Is The Anabolic Window Real? Trainer Explains
20/09/2022 | Andrew Tracey
Andrew Tracey is a long time collaborator with Bulldog Gear. A coach, writer and current fitness editor of Men’s Health Magazine, he has been in and around the fitness industry for the past 17 years. Having enjoyed and endured a number of disciplines from endurance racing, to strongman, to Crossfit AT enjoys getting neck deep in the practice just as much as the theory.
Is it true that I need to get protein in immediately after I train?
Is a post-workout shake really that important?
This is one that has been around for at least as long as I've been in the fitness industry and probably much longer that. The purported ‘anabolic window’ is the suggestion that it's imperative to ingest high quality protein— and more often than not liquid protein will be what's suggested—within 15 minutes to half an hour, to an hour after your workout; depending on who you’re asking.
Now, there is some kind of common sense in this, or I should say ‘you can see the logic’, in that when we resistance train with weights we’re actively breaking down muscle tissue. Most of you will be familiar with this illustrative idea that we are creating these ‘micro tears’ in our muscles, and in order to repair those muscles and have them recover, adapt and grow— we’re relying on a process called ‘muscle protein synthesis. In a very simplified explanation that leans into our ‘micro tears’ idea, we need the protein to ‘go into’ the muscles, fill those gaps and repair them, so that they grow and come back stronger.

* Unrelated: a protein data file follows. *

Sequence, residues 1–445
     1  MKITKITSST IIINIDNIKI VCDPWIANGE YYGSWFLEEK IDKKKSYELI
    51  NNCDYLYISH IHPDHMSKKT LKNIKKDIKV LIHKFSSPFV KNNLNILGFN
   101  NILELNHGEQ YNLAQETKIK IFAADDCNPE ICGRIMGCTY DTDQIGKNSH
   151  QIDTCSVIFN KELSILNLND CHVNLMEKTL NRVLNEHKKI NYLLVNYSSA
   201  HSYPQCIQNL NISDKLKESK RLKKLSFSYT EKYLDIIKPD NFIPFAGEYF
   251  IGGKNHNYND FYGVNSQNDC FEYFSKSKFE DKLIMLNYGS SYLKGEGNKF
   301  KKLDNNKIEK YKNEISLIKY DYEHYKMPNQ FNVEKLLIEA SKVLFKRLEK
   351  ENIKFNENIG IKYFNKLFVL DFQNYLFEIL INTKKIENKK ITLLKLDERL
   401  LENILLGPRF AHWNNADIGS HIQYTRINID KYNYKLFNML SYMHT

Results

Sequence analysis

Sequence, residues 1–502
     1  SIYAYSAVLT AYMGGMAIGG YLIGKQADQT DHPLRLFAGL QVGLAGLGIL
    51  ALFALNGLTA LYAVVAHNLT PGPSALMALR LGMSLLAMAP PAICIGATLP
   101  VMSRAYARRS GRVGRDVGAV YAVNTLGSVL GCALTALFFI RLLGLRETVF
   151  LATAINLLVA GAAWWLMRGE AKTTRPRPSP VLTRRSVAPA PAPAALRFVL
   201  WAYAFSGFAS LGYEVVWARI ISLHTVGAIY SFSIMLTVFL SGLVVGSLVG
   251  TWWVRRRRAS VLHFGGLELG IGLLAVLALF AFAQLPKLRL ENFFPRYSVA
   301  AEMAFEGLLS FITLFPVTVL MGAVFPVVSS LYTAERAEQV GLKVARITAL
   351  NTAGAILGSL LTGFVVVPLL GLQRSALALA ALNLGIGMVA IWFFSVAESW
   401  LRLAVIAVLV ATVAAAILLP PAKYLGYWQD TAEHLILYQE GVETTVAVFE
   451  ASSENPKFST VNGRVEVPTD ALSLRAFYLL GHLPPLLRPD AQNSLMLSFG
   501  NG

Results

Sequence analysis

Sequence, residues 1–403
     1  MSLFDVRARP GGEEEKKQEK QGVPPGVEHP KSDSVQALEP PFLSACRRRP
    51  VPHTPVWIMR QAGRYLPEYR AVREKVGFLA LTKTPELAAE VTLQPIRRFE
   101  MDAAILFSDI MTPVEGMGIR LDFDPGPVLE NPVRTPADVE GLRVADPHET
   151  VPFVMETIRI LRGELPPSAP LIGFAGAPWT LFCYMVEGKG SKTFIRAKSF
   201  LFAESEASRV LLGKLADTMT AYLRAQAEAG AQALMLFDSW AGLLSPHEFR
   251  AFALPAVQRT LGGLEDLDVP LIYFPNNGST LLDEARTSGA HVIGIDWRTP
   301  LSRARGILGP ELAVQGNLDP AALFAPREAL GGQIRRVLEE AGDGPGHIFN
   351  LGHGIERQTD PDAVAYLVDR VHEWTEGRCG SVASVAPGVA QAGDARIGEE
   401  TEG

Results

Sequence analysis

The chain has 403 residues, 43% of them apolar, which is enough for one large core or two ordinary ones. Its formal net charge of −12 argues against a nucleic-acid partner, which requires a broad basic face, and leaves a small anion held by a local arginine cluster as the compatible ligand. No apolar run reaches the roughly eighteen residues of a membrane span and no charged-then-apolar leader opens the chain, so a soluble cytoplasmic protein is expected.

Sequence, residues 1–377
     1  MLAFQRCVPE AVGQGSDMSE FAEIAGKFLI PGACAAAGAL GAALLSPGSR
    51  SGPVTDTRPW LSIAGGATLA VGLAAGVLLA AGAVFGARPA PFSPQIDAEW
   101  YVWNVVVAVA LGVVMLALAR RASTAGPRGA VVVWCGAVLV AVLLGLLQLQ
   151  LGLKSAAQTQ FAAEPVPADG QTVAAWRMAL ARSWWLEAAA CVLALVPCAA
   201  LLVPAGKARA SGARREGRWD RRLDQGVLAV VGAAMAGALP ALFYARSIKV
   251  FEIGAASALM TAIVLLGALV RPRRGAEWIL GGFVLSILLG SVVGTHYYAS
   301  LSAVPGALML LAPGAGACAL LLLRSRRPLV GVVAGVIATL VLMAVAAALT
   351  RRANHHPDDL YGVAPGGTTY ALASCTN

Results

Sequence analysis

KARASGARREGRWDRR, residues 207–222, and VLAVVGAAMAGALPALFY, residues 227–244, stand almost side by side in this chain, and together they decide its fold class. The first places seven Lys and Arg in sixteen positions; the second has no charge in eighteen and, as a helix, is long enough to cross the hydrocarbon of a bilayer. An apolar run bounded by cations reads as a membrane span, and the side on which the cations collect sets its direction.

The evidence doesn't seem to suggest that ingesting protein (of any sort) in the immediate time frame following your workout is going to provide any sort of statistically appreciable benefits when compared to simply consuming a decent amount of protein throughout the course of your day.
What the evidence seems to support as being a much more important factor in muscle growth and repair, is that your total protein throughout the entire day is at an amount that's going to support that growth. What that amount looks like is a hotly contested topic, and a subject for another article in itself, but somewhere between 1.5-2g of protein per kilogram of bodyweight is probably a good jumping off point, but the point remains that when you consume that protein is not overly important.
So no, you don't need to be rushing to the changing rooms to chug down that lukewarm post-workout shake, so long as your protein throughout the day is balanced and you’re consistently hitting a daily target.
Now I’m going to hit you with a second ‘however’; a however to the previous however.
As much as we’re big fans in the fitness industry of pointing out the difference between correlation and causation; success does leaves clues, and if you consistently struggle to hit that overall protein goal it may actually be worth listening to the guy with 18 inch-arms, even if his logic is a bit faulty.
If you’re a hypothetical 90kg man struggling to take in 180 grams of protein, having a decent dose of that protein after your workout, in shake form, is going to be a quick and dirty way of securing a hefty 25% of that total, easily.
Despite the fact we’ve already established that when you drink that shake isn’t particularly impactful on a biological level, our aim here is to use our workout as a cue, and create a habit. Establishing these types of habits helps in making it frictionless to get enough protein in throughout the day, and it may well be that stacking the habit of that protein shake upon the already established habit of training is going to act as a ‘missing key’ in ensuring sure you're consistently hitting enough protein.
In summary, no; you don't need to be anxiously rushing to the smoothie bar post workout to secure those gains, BUT, it could be a good habit that helps you to consistently achieve your overall protein goal for the day, which ultimately is more important for building muscle.
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